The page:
Luwiza Makukula is an Administration Officer at Community Initiative for TB, HIV/AIDS and Malaria (CITAM+), an ACTION partner. She is also an Interim Secretary for the Coalition of Zambian Woman Living with HIV/AIDS (COZWHA+). Before joining CITAM+, Luwiza worked for Kara Counselling and Training Trust for six years, an organization focused on treatment, care and support of orphaned & vulnerable children and the co-epidemic of TB/HIV. Luwiza completed a media and advocacy skills training course, sponsored by ACTION, in Kenya.
She is also a TB survivor.
I lost my spouse of 13 years in 2001. Immediately after his death, I started getting sick with persistent fevers. I then suffered from tuberculosis (TB) and was diagnosed HIV positive in 2002. At that time l had no knowledge about TB and HIV.
In March 2002, l was hospitalized and put in an isolation ward. That was one of the most difficult moments in my life, mostly because of the stigmatization attached to TB, including stigma from health care workers. As if I had not had enough, I lost my memory, I could not walk, I had no feeling in my feet, and I could only operate from a wheelchair. I was put on TB treatment and after three months I started my HIV treatment.
At the time I started my HIV treatment I bought antiretroviral drugs (ARVs) with financial support from my family. Unfortunately, some of my friends and family who were eligible for treatment could not afford to purchase them in Zambia. Fortunately, I only bought ARVs for four months until the Zambian government, through the Global Fund, introduced free drugs.
The Global Fund is a financial institution dedicated to attracting and disbursing additional resources to prevent and treat HIV and AIDS, TB, and malaria. The partnership between governments, civil society, the private sector, and affected communities represents an innovative approach to international health financing.
In 2004, I started a 20-member support group called TUSO – meaning HELP – comprising of men and women living with HIV, and most of whom were TB survivors. We worked in the communities to follow up with patients who were on TB treatment, and to monitor them to ensure they completed their medication. We had 500 clients who successfully completed treatment thanks to the Global Fund.
The Global Fund
The people of Zambia particularly those living with TB, HIV/AIDS and malaria are highly indebted to the Global Fund, without which I and other fellow Zambians would not be alive today. It is because of the fund that people living with HIV, TB, and malaria are able to access drugs. I have witnessed some health facilities close, and those in need of drugs end up suffering.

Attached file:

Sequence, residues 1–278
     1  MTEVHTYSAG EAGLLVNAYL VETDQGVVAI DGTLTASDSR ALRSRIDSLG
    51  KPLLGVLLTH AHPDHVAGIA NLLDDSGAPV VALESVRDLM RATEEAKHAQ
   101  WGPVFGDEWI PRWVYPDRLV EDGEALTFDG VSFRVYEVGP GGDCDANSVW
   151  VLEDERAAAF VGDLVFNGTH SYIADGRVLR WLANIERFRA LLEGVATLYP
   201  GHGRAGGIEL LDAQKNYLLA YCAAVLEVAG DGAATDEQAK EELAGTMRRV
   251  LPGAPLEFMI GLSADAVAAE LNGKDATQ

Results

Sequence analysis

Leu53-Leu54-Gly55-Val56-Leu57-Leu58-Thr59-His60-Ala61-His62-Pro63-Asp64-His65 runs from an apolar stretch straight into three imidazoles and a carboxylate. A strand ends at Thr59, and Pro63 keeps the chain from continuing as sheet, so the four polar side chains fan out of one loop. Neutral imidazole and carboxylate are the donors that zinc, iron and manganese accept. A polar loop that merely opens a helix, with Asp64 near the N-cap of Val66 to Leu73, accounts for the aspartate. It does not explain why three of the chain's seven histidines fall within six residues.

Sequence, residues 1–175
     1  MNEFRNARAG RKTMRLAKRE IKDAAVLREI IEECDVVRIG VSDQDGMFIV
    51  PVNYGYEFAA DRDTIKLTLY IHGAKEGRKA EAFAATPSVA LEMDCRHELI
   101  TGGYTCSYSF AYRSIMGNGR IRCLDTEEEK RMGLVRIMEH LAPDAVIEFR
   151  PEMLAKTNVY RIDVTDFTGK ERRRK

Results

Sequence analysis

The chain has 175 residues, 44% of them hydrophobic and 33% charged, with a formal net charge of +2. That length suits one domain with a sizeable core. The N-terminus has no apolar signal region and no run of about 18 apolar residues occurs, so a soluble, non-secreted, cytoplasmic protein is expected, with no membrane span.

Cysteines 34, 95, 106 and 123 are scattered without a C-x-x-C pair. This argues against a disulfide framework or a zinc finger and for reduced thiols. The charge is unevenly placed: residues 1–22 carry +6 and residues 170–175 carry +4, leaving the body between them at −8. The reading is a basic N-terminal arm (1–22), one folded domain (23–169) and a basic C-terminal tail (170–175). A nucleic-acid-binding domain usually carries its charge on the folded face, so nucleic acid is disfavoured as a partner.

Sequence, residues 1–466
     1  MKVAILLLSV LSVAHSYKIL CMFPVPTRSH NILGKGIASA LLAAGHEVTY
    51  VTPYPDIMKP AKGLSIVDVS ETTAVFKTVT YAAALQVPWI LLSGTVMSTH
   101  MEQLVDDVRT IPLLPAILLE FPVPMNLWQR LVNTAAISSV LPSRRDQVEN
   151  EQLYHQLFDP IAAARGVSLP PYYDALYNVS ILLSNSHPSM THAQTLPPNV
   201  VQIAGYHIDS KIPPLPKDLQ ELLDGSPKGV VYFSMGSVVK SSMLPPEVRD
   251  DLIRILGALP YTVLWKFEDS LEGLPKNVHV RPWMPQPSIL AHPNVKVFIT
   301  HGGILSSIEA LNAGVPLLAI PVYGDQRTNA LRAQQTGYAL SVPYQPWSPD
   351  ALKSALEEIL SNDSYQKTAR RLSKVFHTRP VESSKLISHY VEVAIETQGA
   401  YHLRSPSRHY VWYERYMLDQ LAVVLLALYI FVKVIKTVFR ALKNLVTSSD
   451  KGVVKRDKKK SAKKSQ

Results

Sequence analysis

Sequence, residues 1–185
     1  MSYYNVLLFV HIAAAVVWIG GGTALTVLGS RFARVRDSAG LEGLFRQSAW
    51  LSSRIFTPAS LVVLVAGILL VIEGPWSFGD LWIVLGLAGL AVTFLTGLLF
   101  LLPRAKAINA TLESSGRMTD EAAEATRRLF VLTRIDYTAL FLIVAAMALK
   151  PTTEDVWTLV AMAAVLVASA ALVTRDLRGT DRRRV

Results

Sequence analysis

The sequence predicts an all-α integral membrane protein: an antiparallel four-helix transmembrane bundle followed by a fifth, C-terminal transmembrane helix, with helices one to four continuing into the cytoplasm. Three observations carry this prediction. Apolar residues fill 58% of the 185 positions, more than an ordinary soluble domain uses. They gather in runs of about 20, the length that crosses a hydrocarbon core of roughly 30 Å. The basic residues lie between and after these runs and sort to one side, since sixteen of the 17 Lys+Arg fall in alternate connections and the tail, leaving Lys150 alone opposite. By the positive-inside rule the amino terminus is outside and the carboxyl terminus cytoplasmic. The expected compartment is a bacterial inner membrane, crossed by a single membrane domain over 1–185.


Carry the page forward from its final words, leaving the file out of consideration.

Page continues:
To date, TB remains the number one killer of people living with HIV. However the emergence of multidrug resistant TB (MDR – TB) is threatening treatment of the disease. The development risks reversing all the gains we have made in the fight against TB, HIV/AIDS and malaria if donors do not invest in the Global Fund to combat MDR - TB.
My will to live
The most touching part of my life around 2002 was that a lot of lives were lost to TB/HIV due to unavailability of free treatment. It was also difficult for me to adhere to my treatment regimen as I was taking more than ten tablets at once every day – besides the ARVs – due to multiple opportunistic infections.
I nearly went into depression, but because I had the WILL to live for the sake of my two beautiful daughters and also the support and love I received from my family, I thought to myself that if I give up nobody would take care of my children who were still very young at the time. I was both their mother and father and that motivated me to continue living a productive and positive life with my children. The fact that I imagined my daughters growing up as mothers and I could be a happy grandmother heightened my strength. This, as of today, has since come to pass as I am a happy grandma of two.
We must increase funding for essential drugs and support services from the Global Fund so that we can speak for the voiceless and serve millions of people – especially those on life saving treatment.